Alec Baldwin was practicing drawing his gun from his holster and pointing it at the camera when he fatally shot cinematographer Halyna Hutchins on the set of the movie "Rust," the director said in a search-warrant affidavit.
The 63-year-old Baldwin was "sitting in a pew in a church building setting, and he was practicing a cross draw," director Joel Souza said, "pointing the revolver towards the camera lens."
Souza told investigators in the affidavit released by the Santa Fe County Sheriff's Office on Sunday that he was looking over Hutchins' shoulder "when he heard what sounded like a whip and then loud pop."
The director said he remembered the 42-year-old Hutchins "complaining about her stomach and grabbing her midsection."
"Halyna began to stumble backwards and she was assisted to the ground," the affidavit, seen by AFP, said. "Joel explained that he was bleeding from his shoulder and he could see blood on Halyna."
Hutchins was struck in the chest when Baldwin fired the prop gun he had been told was safe on the set of the low-budget western in New Mexico on October 21. She was declared dead in hospital hours later.
Souza, 48, was treated by doctors and sent home.
No one has been charged and no arrests have been made.
Baldwin has been interviewed by detectives in Santa Fe and has said he is cooperating fully with the probe.
Cameraman Reid Russell also gave his version of events in the affidavit.
Russell, who was standing next to Souza and Hutchins, said Baldwin was "trying to explain how he was going to draw out the firearm and where his arm would be at when the firearm was pulled from the holster."
"Reid was not sure why the firearm was discharged and just remembered the loud bang," the affidavit said.
The camera operator said the shooting was not caught on film as the cast and crew were still preparing for the scene.
The incident happened after a lunch break, Souza said in the affidavit, and the director wasn't sure if the gun had been checked again for safety after the break.
"Souza stated there should never be live rounds whatsoever, near or around the scene," the affidavit said, but as "far as he knows, no one gets checked for live ammunition on their person prior and after the scenes are being filmed."
"According to (Souza), it was his belief the gun being used in the rehearsal was safe and used the term 'cold gun' when explaining the firearm safety announcements," the affidavit said.
Attention has focused on the film's assistant director, Dave Halls, who handed the weapon to the actor, and on the armorer, 24-year-old Hannah Gutierrez-Reed.
According to the affidavit, Halls handed one of three prop guns to Baldwin that had been set up on a cart by Gutierrez-Reed.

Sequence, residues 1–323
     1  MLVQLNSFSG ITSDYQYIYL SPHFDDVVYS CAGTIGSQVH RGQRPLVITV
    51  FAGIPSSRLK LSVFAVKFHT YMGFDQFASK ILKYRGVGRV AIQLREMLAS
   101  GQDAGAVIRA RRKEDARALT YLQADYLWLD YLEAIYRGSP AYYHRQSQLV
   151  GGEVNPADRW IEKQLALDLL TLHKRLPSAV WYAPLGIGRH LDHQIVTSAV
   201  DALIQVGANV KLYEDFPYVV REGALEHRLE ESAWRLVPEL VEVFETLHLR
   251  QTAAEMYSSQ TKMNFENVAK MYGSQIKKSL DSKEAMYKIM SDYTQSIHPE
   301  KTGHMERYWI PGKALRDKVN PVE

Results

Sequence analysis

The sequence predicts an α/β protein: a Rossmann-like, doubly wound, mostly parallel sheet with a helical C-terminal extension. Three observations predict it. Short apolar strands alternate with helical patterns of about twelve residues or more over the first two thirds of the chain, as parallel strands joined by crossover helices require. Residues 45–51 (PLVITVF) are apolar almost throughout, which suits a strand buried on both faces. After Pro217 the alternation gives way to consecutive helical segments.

"(Halls) yelled 'Cold Gun,' indicating the prop gun did not have any live rounds," it said. "(Halls) did not know live rounds were in the prop-gun."
The film's gaffer -- or chief electrician -- said he held Hutchins in his arms as she was dying, writing an angry Facebook post which alleges the shooting was a result of "negligence and unprofessionalism."
"There is no way a twenty-four-year-old woman can be a professional with armory," Serge Svetnoy wrote, adding: "Professionals are the people who have spent years on sets, people who know this job from A to Z."
"To save a dime sometimes, you hire people who are not fully qualified for the complicated and dangerous job, and you risk the lives of the other people who are close and your lives as well," he said.
Veteran Hollywood armorer Guillaume Delouche told AFP he was "very surprised" that somebody of Gutierrez-Reed's age and inexperience "could be a chief armorer on a movie that has to have a lot of gunfighting scenes."
"Rust" was only her second film as chief armorer. She is the daughter of expert Hollywood armorer Thell Reed, whose credits include "Django Unchained."
The producers did not respond to AFP request for comment. Gutierrez-Reed could not be reached for comment, and has deleted her social media profiles.
In the affidavit, Souza told investigators the day had gotten off to a late start because of a dispute with a camera crew about pay and housing.
The director said everyone was "getting along," however, and "there were no altercations that took place to his knowledge."
Calls were growing for a ban on live firearms on movie sets, with a petition gathering more than 25,000 signatures and a California lawmaker announcing he would push a bill banning live ammunition on sets in the state.